Python, as a dynamic language, cannot be "compiled" into machine code statically, like C or COBOL can. You'll always need an interpreter to execute the code, which, by definition in the language, is a dynamic operation.
You can "translate" source code in bytecode, which is just an intermediate process that the interpreter does to speed up the load of the code, It converts text files, with comments, blank spaces, words like 'if', 'def', 'in', etc in binary code, but the operations behind are exactly the same, in Python, not in machine code or any other language. This is what it's stored in .pyc files and it's also portable between architectures.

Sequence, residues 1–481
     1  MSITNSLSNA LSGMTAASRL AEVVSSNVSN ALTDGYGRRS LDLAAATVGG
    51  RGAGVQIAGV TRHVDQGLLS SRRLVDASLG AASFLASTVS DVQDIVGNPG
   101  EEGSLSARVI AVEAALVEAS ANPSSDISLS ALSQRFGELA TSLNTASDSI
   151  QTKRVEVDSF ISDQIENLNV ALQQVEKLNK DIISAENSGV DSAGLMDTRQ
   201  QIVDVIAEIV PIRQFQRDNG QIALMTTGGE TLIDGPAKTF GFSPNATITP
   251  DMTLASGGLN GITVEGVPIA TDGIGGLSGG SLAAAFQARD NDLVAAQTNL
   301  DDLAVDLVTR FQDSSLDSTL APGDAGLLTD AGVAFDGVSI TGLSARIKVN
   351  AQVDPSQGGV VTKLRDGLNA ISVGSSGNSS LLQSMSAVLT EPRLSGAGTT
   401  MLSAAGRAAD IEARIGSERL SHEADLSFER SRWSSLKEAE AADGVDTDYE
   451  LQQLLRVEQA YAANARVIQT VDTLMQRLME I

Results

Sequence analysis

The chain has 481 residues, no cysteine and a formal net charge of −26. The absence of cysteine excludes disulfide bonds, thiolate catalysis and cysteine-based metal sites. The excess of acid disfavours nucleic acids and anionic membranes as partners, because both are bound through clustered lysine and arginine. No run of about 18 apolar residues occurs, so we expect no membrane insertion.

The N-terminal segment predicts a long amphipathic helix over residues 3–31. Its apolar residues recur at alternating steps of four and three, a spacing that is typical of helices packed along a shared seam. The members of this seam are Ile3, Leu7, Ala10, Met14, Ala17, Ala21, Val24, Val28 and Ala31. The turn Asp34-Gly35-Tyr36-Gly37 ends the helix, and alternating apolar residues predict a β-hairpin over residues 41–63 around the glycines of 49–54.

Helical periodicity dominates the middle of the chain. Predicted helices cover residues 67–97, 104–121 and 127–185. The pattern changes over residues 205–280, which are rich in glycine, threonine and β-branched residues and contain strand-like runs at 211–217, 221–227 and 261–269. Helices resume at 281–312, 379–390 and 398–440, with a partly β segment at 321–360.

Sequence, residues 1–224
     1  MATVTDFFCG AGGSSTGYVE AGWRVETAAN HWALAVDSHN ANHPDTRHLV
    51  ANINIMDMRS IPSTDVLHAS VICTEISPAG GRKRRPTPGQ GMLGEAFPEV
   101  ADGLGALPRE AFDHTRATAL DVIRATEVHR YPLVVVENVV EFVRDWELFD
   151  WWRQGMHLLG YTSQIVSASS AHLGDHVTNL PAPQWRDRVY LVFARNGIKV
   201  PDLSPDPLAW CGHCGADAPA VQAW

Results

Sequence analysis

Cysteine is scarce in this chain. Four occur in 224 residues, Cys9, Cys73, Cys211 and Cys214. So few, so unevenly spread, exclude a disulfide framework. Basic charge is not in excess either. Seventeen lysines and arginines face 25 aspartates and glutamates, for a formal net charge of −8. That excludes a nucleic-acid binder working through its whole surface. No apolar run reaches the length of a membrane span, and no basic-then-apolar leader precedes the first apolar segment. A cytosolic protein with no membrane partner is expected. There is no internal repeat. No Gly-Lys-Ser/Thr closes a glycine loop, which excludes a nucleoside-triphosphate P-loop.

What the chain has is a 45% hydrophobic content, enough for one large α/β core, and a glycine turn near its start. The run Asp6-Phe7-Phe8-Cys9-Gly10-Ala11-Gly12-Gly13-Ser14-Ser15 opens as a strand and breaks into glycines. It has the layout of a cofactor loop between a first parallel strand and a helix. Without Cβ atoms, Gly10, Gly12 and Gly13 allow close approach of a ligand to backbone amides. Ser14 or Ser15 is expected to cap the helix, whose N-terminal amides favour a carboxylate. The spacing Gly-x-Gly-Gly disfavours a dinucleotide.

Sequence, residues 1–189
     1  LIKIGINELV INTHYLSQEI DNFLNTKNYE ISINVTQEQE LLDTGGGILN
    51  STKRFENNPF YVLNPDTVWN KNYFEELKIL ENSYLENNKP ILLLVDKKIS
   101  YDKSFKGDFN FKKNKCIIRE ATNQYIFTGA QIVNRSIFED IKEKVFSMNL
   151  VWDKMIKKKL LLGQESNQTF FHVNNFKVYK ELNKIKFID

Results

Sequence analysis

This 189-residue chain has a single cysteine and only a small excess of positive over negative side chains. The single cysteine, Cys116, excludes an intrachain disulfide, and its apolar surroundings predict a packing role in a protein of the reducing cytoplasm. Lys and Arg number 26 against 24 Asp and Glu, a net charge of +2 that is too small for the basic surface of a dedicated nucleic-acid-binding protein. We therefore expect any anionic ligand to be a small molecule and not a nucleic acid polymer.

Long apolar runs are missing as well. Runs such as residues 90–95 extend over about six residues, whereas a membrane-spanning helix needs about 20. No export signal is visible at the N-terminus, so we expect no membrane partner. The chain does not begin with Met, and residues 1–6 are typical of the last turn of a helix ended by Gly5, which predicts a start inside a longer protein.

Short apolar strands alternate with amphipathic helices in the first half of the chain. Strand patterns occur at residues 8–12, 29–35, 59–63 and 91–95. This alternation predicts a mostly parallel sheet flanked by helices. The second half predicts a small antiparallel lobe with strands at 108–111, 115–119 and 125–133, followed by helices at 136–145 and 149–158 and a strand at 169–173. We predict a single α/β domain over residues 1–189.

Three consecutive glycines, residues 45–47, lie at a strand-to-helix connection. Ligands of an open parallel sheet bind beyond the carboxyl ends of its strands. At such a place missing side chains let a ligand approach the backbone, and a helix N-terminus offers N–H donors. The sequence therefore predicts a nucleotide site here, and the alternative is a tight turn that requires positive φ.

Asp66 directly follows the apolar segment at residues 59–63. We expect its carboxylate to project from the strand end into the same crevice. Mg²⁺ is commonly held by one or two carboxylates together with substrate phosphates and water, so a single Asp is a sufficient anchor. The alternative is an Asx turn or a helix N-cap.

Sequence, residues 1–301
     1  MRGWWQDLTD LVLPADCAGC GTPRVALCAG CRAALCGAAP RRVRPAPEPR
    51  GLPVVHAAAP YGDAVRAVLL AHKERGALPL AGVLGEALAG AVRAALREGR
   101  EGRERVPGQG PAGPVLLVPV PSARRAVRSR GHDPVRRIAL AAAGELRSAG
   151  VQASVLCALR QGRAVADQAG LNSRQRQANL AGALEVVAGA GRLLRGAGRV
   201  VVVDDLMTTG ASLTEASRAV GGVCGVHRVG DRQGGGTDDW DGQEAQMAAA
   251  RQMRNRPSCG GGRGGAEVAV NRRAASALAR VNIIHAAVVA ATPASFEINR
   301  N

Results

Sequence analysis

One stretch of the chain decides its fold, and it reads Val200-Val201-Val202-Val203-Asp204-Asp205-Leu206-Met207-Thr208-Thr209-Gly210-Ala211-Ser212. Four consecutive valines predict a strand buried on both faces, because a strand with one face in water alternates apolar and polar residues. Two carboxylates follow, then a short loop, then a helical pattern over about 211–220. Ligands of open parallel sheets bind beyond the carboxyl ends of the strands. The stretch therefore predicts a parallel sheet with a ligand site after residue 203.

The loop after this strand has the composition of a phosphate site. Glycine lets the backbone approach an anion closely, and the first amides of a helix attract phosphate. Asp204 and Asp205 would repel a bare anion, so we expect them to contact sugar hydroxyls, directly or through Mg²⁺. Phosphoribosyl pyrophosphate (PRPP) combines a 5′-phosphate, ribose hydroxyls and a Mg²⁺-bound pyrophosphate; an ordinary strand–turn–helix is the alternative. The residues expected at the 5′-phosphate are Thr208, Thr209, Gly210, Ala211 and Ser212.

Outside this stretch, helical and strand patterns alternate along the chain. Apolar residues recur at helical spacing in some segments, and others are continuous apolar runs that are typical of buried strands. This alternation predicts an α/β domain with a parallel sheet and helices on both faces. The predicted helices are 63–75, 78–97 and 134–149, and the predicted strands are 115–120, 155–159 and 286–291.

Probably what you need it's not "compile" the code (which it's not possible) but to "embed" an interpreter (in the right architecture) with the code to allow running the code without an external installation of the interpreter. To do that, you can use all those tools like py2exe or cx_Freeze.
Maybe I'm being a little pedantic on this :-P